“Once seen, never to be forgotten,” was the courteous answer; “and truly, but for the stately height of these my godsons, I would not believe how long since our meeting was.”



Thereupon, in true German fashion, Sir Kasimir embraced each youth in the open street, and then, removing his long embroidered Spanish glove, he offered his hand, or rather the tips of his fingers, to lead the Frau Christina home.

Master Sorel had invited him to be- come his guest at a very elaborate orna- mental festival meal in honour of the great holiday, at which were to be pre- sent several wealthy citizens with their wives and families, old connexions of the Sorel family. Ebbo had resolved upon treating them with courteous re- serve and distance ; but he was surprised to find his cousin of Wildschloss com- porting himself among the burgomasters and their dames as freely as though they had been his equals, and to see that they took such demeanour as perfectly natural. Quick to perceive, the boy gathered that the gulf between noble and burgher was so great that no intimacy could bridge it over, no reserve widen it, and that his own bashful hauteur was almost a sign that he knew that the gulf had been passed by his own parents ; but shame and consciousness did not enable him to alter his manner, but rather added to its stiffness.

“The Junker is like an Englishman,” said Sir Kasimir, who had met many of the exiles of the Roses at the court of Mary of Burgundy ; and then he turned to discuss with the gnildmasters the interruption to trade caused by Flemish jealousies,

After the lengthy meal, the tables were removed, the long gallery was occupied by musicians, and Master Gott- fried crossed the hall to tell his eldest grandnephew that to him he should depute the opening of the dance with the handsome bride of the Rathsherr, Ulrich Biirger. Ebbo blushed up to the eyes, and muttered that he prayed his uncle to excuse him.

“So!” said the old citizen, really dis- pleased; “thy kinsman might have proved to thee that it is no derogation of thy lordly dignity. I have been patient with thee, but thy pride passes *

“Sir,” interposed Friedel hastily, taising his sweet candid face with a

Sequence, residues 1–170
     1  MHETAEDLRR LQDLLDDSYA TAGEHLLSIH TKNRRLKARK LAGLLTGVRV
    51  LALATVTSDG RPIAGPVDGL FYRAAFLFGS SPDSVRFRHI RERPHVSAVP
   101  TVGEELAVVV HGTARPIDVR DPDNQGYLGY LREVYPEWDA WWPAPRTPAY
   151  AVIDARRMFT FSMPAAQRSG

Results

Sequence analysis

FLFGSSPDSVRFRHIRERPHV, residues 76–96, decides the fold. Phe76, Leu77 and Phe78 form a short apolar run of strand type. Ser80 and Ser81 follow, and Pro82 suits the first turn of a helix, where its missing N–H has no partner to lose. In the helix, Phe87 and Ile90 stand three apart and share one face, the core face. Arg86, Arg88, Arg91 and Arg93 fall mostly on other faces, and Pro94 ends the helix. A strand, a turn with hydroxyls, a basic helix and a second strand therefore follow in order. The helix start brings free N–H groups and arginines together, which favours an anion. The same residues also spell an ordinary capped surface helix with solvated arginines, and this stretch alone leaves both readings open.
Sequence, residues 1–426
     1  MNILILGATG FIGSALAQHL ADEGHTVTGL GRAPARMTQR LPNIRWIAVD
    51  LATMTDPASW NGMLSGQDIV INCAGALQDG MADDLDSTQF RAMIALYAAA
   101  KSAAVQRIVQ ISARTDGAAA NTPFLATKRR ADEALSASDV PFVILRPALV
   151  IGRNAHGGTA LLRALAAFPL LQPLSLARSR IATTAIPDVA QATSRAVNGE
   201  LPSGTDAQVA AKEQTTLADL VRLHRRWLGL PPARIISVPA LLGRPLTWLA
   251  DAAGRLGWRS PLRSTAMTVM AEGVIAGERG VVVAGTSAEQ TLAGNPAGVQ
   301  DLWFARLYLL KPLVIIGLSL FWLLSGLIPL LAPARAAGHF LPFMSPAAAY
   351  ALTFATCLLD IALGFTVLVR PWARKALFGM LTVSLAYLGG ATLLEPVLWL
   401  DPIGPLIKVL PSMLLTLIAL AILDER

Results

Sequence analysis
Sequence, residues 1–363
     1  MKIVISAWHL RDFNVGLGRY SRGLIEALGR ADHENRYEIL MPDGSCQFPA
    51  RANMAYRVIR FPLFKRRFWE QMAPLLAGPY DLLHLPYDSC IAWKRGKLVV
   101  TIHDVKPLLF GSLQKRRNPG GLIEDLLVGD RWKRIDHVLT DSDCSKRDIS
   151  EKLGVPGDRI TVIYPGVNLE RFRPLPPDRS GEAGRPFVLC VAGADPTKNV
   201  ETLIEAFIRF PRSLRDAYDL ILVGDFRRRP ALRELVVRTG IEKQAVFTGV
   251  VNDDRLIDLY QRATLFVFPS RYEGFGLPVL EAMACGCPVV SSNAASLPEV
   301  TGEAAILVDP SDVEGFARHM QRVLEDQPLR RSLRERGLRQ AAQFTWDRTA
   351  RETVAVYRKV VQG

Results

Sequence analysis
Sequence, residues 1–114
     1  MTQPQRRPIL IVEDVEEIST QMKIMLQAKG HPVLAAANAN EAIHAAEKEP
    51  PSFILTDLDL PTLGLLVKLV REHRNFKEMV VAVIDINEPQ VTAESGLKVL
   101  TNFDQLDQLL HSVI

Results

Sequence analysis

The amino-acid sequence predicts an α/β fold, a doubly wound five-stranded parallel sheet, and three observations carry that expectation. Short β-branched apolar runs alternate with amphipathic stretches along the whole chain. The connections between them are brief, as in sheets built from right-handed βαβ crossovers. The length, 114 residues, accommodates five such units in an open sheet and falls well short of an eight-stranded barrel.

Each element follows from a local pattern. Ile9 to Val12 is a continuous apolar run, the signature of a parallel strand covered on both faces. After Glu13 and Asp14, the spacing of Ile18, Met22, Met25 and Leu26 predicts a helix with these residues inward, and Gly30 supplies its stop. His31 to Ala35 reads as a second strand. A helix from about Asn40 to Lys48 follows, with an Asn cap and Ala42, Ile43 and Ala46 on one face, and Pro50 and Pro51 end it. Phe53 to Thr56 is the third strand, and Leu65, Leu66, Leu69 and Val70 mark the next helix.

The Dove in the Eagle’s Nest.

look between shame and merriment, “it is not that, but you forget what poor mountaineers we are. Never did we tread a measure save now and then with our mother on a winter evening, and we know no more than a chamois of your intricate measures.”

Master Gottfried looked perplexed, for these dances were matters of great punctilio. It was but seven years since the Lord of Praunstein had defied the whole city of Frankfort because a damsel of that place had refused to dance with one of his cousins ; and, though Fist- right” and letters of challenge had been made illegal, yet the whole city of Ulm would have resented the affront put on it by the young lord of <Adlerstein. Happily the Freiherr of Adlerstein Wildschloss was at hand. Herr Bur- gomaster,” he said, “let me commence the dance with your fair lady niece. By your testimony,” he added, smiling to the youths, “she can tread a measure. And, after marking us,” he added, smil- ing to the boys, “you may try your success with the Rathsherrinn.”

Christina would gladly have trans- ferred her noble partner to the Raths- herrinn, but she feared to mortify her good uncle and aunt further, and con- sented to figure alone with Sir Kasimir in one of the majestic graceful dances performed by a single couple before a gazing assembly. So she let him lead her to her place, and they bowed and bent, swept past one another, and moved in interlacing lines and curves, with a grand slow movement that displayed her quiet grace, and his stately port and courtly air.

“Ts it not beautiful to see the mother- ling ?” said Friedel to his brother ; “she sails like a white cloud in a soft wind. And he stands grand as a stag at gaze.”

“Like a malapert peacock, say I,” returned Ebbo; “didst not see, Friedel, how he kept his eyes on her in church? My uncle says the Bohemians are mere deceivers. Depend on it the woman had spied his insolent looks when she made her ribald prediction.”

“See,” said Friedel, who had been watching the steps rather than attend-

The Dove in the Eagle's Nest,

ing, “it will be easy to dance it now. It is a figure my mother once tried to teach us, I remember it now.”

‘Then go and do it, since better may not be.”

Nay, but it should be thou.”

“Who will know which of us it is? I hated his presumption too much to mark his antics.”

Friedel came forward, and the sub- stitution was undetected by all save their mother and uncle; by the latter only because, addressing Ebbo, he re- ceived a reply in a tone such as Friedel never used,

Natural grace, quickness of ear and eye, and a skilful partner, rendered Friedel’s so fair a performance that he ventured on sending his brother to attend the councilloress with wine and comfits; while he in his own person performed another dance with the city dame next in pretension, and their mother was amused by Sir Kasimir’s remark, that her second son danced better than the elder, but both must learn.